If there’s any constant in the phenomenon of Brooklyn blogging, it’s this pervasive feeling of conflicted intentions. Whether we’re talking about the “bad apple” of a developed neighborhood, or the “diamond in the rough” of the under-developed one, the propagandas of gentrification and anti-gentrification play off of one another, leveraging allegations in a manner that somehow still has brokers popping champagne corks. The forces of the former highlight the charm they destroy, while the latter highlight the charm within the ostensible desolation, in a strangely critical moment of Brook-logosphere supernova.

While I paint a grim picture, I really have no real qualms about any of the bloggers I’ve mentioned. They simply write about what they see, projecting their aspirations outward in a society run roughshod. Blogs did not cause the affordable housing crisis– they are a response to it. And as long as the crisis continues, the best bloggers will continue to use their power to end it.

Hebrew School’s Brooklyn blog reader after the jump…

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Modern Guilt

Beck, Modern Guilt (2008)

I suppose Beck might not have been under any unnecessary influence while recording his new LP, released earlier this month, considering his religious background and all, but I started to get the impression that, all things considered, nothing had helped either way.

But then I let the grass grow over it after listening to it two and a half times (well, it’s only 33 minutes long, and I happened to have it on repeat) on Thursday after my usual time with Clay Pigeon, and then listened again today.

So my suspicions on the obvious trappings of “psych”– the mellotron, the backward guitar solo, the asbsconding of Lewis Carroll’s diction, the bells, the Terry Riley-eque tweaking of the Rainbow synthesizer, the nod to “Tomorrow Never Knows,” the Fender Rhodes on delay– became outweighed by the power of the songs.

“Orphans,” the opening track, represents Beck’s penchant for modest self-examination here, with no small amount of credit due to Cat Power. “Chemtrails” is blissed and undertempo, an earnest song with a lot of plagal cadences, which seems to question humanity (and forward guitars) much the way ’60s psych did, if sometimes with a painful moralism. (See, now maybe that’s L. Ron sneaking in? Chan, stay away!) Glitchier tracks like “Replica” point to where co-producer Danger Mouse keeps alive the tendency towards those intricacies, which I enjoy, but darned if his approach didn’t seem a little heavy-handed throughout. This implicates Beck as well.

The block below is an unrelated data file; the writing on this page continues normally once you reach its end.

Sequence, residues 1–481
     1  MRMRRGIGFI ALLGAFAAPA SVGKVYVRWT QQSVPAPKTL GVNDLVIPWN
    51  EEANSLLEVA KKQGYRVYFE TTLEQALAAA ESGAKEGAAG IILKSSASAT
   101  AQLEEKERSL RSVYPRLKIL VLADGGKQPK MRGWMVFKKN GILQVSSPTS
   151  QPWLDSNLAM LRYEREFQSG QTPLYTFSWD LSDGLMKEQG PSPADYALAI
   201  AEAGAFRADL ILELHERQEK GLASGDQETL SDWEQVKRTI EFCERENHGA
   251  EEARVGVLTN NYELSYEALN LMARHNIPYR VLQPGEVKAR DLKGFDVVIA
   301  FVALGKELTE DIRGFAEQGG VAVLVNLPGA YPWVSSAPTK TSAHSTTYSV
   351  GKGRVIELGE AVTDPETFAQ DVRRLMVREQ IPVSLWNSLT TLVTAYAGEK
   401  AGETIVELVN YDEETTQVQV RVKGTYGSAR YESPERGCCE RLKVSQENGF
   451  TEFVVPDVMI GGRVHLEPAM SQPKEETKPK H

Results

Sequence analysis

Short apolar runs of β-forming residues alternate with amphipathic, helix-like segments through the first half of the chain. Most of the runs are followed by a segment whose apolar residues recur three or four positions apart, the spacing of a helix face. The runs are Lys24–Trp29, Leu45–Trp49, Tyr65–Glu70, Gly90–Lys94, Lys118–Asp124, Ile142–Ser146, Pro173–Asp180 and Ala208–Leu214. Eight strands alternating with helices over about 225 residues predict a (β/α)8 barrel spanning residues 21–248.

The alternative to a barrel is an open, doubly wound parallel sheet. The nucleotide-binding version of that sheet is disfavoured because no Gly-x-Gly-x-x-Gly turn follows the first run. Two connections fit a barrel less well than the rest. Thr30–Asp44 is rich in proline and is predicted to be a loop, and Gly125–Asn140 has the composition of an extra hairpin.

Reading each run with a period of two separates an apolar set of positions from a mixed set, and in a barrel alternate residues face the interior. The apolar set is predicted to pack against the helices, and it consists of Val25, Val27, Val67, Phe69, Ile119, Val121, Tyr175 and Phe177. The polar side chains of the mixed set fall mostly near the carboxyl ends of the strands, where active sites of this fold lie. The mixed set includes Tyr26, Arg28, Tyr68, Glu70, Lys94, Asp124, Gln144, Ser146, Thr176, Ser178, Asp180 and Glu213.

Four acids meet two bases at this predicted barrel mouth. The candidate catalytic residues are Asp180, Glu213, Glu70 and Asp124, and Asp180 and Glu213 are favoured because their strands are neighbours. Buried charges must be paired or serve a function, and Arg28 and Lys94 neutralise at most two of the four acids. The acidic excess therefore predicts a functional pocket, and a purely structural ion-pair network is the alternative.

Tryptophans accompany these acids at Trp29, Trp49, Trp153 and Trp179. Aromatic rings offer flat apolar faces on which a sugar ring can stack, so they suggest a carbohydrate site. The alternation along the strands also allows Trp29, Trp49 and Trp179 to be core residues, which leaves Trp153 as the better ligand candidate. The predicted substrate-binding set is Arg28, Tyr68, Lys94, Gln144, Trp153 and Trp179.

“Gamma Ray” vs. Loie Fuller



No one quite gets the Jews hora-ing

…at Celebrate Brooklyn better than Golem, do they?

Golem played fantastically this past Sunday in Prospect Park, part of a JDub Celebrate Brooklyn that included Soulico, DeLeon, and Sway Machinery, with Michael Showalter hosting. Jon Langford of the Mekons sat in on guitar and vocals, and then the Hungry March Band sat in on everything else.



Silence, static, and cloven hooves

Pardon my silence these last couple of weeks. Hebrew School (the band) has been gearing up for a launch phase, with details to be disclosed in due course. Other news:

Last Friday in Prospect Park, as part of Celebrate Brooklyn, the Metropolis Ensemble performed an electro-symphonic version of Stravinsky’s Rite of Spring, followed by Deerhoof.

The Metropolis Ensemble’s offering was somewhat underwhelming to me– mechanistic in its delivery, with production values favoring form over content. In retrospect I now understand why Starbucks, a major sponsor of Celebrate Brooklyn, is closing six midtown branches. You go for the climate and enlivening substance, but lose a little bit of your soul.

Chastened by the hype that has surrounded Deerhoof, I had mainly stayed away, assuming them to be the provenance of the most superficial of our scrawny podunkster emigres. Wrong. Well-worn and unheard material was shaken around and dangled onstage like Michael Jackson’s baby, sharply degraded into crafty noise events, and then hewn back (sometimes roughly, sometimes seamlessly) into the contours of Satomi Matsuzaki’s vocal cords. Best show I’ve seen so far this summer (except for your show, of course).